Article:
14 Design challenge – optimizing design metrics Common metrics –Unit cost: the monetary cost of manufacturing each copy of the system, excluding NRE cost –NRE cost (Non-Recurring Engineering cost): The one-time monetary cost of designing the system –Size: the physical space required by the system –Performance: the execution time or throughput of the system –Power: amount of power consumed by the system –Flexibility: the ability to change the functionality of the system without incurring heavy NRE cost

15 Design challenge – optimizing design metrics Common metrics (continued) –Time-to-prototype: the time needed to build a working version of the system –Time-to-market: the time required to develop a system to the point that it can be released and sold to customers –Maintainability: the ability to modify the system after its initial release –Correctness, safety, many more

16 Design metric competition -- improving one may worsen others Expertise with both software and hardware is needed to optimize design metrics –A designer must be comfortable with various technologies in order to choose the best for a given application and constraints Size Performance Power NRE cost Microcontroller CCD preprocessorPixel coprocessor A2D D2A JPEG codec DMA controller Memory controllerISA bus interfaceUARTLCD ctrl Display ctrl Multiplier/Accum Digital camera chip lens CCD Hardware Software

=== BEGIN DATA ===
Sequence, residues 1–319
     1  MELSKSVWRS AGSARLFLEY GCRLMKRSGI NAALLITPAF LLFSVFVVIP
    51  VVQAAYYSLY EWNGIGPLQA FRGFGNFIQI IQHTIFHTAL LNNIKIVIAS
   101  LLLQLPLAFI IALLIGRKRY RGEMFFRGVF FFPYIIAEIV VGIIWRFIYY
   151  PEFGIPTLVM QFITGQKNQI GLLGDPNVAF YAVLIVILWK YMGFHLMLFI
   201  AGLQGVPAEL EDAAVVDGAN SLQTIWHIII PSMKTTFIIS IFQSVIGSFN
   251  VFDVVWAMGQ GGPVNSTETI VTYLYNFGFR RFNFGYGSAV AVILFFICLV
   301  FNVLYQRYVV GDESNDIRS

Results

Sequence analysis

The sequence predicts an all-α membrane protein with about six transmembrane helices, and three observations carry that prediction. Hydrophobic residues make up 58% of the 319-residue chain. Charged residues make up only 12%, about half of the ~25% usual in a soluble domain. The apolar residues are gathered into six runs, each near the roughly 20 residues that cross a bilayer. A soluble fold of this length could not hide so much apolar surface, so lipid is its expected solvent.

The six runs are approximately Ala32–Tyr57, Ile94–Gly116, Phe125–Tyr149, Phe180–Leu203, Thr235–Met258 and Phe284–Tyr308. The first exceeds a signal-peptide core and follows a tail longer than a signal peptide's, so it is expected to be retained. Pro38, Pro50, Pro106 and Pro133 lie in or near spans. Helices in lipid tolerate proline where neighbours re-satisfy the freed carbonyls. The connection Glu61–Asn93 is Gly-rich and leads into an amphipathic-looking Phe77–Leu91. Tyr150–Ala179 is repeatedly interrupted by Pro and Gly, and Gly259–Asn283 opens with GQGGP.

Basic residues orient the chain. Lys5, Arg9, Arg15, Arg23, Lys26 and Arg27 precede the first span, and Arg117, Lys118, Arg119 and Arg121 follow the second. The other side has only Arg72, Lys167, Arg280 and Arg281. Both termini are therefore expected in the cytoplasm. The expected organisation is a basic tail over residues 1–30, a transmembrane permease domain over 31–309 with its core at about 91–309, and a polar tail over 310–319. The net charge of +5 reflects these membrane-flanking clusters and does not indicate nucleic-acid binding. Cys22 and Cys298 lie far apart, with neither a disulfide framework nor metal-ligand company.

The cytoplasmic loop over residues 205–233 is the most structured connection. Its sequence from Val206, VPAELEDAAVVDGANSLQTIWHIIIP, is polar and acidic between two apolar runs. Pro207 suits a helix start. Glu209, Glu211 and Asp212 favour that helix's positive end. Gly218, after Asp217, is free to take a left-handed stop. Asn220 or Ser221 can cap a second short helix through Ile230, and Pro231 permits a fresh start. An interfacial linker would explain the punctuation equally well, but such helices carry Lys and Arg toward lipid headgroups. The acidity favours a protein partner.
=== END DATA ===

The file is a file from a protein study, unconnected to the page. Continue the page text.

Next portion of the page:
17 Time-to-market: a demanding design metric Time required to develop a product to the point it can be sold to customers Market window –Period during which the product would have highest sales Average time-to-market constraint is about 8 months Delays can be costly Revenue Time (months)

18 Losses Due to Delayed Market Entry Simplified revenue model –Product life = 2W, peak at W –Time of market entry defines a triangle, representing market penetration –Triangle area equals revenue Loss –The difference between the on-time and delayed triangle areas On-time Delayed entry Peak revenue Peak revenue from delayed entry Market rise Market fall W2W Time D On-time Delayed Revenues ($)

19 Losses due to delayed market entry (cont.) Area = 1/2 * base * height –On-time = 1/2 * 2W * W –Delayed = 1/2 * (W-D+W)*(W-D) Percentage revenue loss = (D(3W-D)/2W 2 )*100% Try some examples –Lifetime 2W=52 wks, delay D=4 wks –(4*(3*26 –4)/2*26^2) = 22% –Lifetime 2W=52 wks, delay D=10 wks –(10*(3*26 –10)/2*26^2) = 50% –Delays are costly! On-time Delayed entry Peak revenue Peak revenue from delayed entry Market rise Market fall W2W Time D On-time Delayed Revenues ($)